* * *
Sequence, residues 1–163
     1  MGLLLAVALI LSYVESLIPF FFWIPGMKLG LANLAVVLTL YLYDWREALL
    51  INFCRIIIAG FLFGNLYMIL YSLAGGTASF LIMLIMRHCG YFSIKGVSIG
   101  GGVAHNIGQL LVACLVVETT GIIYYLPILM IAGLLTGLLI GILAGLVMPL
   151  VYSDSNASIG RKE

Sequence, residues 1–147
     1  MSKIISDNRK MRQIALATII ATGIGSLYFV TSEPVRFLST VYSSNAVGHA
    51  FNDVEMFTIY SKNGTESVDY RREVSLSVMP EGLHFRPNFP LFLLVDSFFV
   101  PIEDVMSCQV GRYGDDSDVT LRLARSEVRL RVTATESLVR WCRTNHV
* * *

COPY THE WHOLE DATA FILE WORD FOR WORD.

Sequence, residues 1–163
     1  MGLLLAVALI LSYVESLIPF FFWIPGMKLG LANLAVVLTL YLYDWREALL
    51  INFCRIIIAG FLFGNLYMIL YSLAGGTASF LIMLIMRHCG YFSIKGVSIG
   101  GGVAHNIGQL LVACLVVETT GIIYYLPILM IAGLLTGLLI GILAGLVMPL
   151  VYSDSNASIG RKE

Sequence, residues 1–147
     1  MSKIISDNRK MRQIALATII ATGIGSLYFV TSEPVRFLST VYSSNAVGHA
    51  FNDVEMFTIY SKNGTESVDY RREVSLSVMP EGLHFRPNFP LFLLVDSFFV
   101  PIEDVMSCQV GRYGDDSDVT LRLARSEVRL RVTATESLVR WCRTNHV